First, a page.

Wednesday, January 2, 2013
Book Review: "The Woman Who Died a Lot" by Jasper Fforde
In The Woman Who Died a Lot, Thursday has returned home to Swindon, forced into semi-retirement after an assassination attempt. But although everyone wants her to recuperate from her injuries, the world slows down for no one. Both of her children's lives are in chaosher genius daughter, Tuesday, is at work on a major Anti-Smite Shield, to protect Swindon from a smiting that God promised to hit the city with, and her son, Friday, is in the doldrums after his job as a time-traveling enforcer in the Chronoguard is eliminated, and he finds out his destiny is now not as promising as he had hoped. And of course, there's Thursday's third child, Jenny, who doesn't actually exist but everyone in the family has memories of her.
Hoping to get her old job back running the Literary Detectives, she instead becomes the new chief of The Swindon All-You-Can-Eat-at-Fatso's Drink Not Included Library (the library's survival depends on a somewhat aggressive corporate sponsor), where she has to deal with budget cuts, protestors who want certain books modified to fit their special interests, and an overzealous staff member who wants Thursday to sanction dawn raids to retrieve overdue library books.
Then she realizes that the nefarious Goliath Company starts substituting synthetic Thursdays for the real one in order to tap into her vast knowledge and take over the world, and these synthetic doubles are stronger, faster, sexier, and healthier than she is. Thursday must battle her old nemeses, Jack Schitt and Aornis Hades, on various fronts, in order to save Swindon, the book world, and those she loves.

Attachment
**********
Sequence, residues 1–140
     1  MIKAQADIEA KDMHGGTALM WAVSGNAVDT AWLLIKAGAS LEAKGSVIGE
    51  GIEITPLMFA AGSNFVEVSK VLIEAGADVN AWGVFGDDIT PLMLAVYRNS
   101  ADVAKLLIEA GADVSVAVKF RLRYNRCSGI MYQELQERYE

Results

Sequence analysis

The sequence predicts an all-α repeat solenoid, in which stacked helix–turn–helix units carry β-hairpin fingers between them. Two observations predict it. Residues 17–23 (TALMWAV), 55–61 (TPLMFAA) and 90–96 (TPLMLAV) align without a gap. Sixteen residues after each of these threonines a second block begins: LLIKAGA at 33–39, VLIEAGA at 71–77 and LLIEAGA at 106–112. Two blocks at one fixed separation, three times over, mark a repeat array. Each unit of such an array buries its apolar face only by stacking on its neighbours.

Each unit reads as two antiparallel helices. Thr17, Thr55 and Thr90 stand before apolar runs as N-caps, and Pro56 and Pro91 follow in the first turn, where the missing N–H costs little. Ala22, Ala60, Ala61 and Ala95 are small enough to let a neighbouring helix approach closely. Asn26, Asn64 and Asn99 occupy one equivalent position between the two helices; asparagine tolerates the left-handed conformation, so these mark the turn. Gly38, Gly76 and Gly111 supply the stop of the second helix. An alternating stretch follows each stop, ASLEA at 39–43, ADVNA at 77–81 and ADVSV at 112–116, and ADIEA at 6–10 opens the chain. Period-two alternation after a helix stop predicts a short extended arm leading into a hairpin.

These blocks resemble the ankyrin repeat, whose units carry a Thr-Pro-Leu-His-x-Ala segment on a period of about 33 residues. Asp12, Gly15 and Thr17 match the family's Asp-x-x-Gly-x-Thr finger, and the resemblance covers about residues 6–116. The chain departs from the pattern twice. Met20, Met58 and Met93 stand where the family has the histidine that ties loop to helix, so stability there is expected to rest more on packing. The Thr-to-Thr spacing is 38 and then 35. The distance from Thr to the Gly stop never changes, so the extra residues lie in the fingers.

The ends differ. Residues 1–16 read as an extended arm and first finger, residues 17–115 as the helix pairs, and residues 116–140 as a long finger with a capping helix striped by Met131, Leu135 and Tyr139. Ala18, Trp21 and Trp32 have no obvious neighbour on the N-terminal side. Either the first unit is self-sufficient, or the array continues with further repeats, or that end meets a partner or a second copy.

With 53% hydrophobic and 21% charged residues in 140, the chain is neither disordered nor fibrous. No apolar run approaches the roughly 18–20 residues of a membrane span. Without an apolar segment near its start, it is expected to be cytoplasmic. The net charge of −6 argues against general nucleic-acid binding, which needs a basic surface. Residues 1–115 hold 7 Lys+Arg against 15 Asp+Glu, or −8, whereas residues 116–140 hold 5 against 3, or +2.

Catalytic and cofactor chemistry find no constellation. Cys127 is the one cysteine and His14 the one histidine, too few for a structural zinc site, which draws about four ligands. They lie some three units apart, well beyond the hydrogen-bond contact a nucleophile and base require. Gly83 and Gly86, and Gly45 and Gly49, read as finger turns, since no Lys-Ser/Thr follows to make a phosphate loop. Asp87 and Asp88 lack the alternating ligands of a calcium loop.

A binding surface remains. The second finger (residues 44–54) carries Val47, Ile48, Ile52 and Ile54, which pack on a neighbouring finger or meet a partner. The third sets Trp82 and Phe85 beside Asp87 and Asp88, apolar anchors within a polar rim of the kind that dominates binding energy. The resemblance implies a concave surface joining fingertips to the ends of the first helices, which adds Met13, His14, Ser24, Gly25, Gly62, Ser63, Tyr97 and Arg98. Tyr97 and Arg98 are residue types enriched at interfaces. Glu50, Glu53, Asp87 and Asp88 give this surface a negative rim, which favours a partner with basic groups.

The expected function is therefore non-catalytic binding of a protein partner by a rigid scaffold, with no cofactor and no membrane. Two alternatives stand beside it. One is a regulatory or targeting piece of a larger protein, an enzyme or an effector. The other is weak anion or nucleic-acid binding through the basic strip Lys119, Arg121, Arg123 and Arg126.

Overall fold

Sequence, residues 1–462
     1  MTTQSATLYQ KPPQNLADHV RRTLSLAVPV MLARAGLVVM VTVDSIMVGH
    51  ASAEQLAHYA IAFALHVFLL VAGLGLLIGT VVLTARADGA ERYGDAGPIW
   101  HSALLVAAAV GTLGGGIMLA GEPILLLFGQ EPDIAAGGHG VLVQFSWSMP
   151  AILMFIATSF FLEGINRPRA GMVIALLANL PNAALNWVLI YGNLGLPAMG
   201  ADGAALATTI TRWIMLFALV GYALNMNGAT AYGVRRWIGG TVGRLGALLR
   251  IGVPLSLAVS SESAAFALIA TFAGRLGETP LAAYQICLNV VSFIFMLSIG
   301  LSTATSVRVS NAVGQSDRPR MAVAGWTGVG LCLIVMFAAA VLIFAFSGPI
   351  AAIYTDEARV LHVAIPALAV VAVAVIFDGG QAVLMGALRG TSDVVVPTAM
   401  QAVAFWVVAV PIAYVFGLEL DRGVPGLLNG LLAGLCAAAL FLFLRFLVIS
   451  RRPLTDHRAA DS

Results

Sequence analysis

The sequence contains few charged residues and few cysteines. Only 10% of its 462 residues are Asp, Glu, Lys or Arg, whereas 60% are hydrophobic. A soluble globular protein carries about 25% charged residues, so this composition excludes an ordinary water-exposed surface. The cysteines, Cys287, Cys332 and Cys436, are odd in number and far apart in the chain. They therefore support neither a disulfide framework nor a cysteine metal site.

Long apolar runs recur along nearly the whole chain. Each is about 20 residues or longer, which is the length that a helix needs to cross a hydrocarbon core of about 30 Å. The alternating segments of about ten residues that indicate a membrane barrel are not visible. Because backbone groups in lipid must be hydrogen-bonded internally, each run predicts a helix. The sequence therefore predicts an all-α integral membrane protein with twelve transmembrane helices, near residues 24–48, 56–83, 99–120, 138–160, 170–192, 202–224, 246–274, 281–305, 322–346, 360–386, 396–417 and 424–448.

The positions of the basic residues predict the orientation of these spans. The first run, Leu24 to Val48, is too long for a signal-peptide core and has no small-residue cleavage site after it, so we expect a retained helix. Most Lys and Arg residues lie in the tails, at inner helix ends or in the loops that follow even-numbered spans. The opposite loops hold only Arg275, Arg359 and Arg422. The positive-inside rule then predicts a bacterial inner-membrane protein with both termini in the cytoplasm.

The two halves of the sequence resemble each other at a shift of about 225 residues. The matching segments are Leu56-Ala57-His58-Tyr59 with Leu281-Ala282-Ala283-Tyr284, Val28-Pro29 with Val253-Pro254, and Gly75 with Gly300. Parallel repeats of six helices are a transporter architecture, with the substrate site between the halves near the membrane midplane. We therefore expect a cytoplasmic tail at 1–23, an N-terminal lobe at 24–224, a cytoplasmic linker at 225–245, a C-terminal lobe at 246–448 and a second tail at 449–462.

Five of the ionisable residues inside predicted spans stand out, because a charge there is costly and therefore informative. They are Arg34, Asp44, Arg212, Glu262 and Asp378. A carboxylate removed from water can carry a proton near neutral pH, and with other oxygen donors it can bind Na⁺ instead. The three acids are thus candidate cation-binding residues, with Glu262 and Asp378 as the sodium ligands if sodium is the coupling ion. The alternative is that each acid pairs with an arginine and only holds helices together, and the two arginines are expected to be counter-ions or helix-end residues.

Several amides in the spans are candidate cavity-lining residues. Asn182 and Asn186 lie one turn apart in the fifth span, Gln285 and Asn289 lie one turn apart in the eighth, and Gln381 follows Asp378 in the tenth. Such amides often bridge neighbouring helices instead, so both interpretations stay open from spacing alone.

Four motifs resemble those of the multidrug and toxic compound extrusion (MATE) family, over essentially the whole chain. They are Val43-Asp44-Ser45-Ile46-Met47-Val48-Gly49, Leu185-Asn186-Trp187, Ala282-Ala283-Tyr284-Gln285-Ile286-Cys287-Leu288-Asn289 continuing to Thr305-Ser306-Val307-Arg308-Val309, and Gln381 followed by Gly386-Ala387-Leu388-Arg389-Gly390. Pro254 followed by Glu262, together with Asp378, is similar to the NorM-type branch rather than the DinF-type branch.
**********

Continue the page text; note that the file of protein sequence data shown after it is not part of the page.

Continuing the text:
I've been a big fan of Fforde's books, particularly the Thursday Next series. The characters and their foibles have become so familiar to me that whenever I read another book I feel like I'm visiting with old friends. Fforde has a tremendous ability to tell a story, and even as he is creating outrageous characters and situations, he imbues them with personality and warmth.
For some reason, however, this book just didn't resonate with me as its predecessors have. The humor seemed too obvious and often unfunny, as if random sarcastic jokes were being sprinkled throughout the narrative without any thought of how they would blend. And while Aornis Hades, who can manipulate memories, is a fascinating character, her whole plot thread grew very tiresome in this book and dragged on for far too long.
If you like unusual and creative stories that combine literary-loving characters with a farcical and futuristic plot, I'd recommend you check out this series, but your best bet is to start with an earlier novel in the series, as I don't think this one is as worthy of Thursday.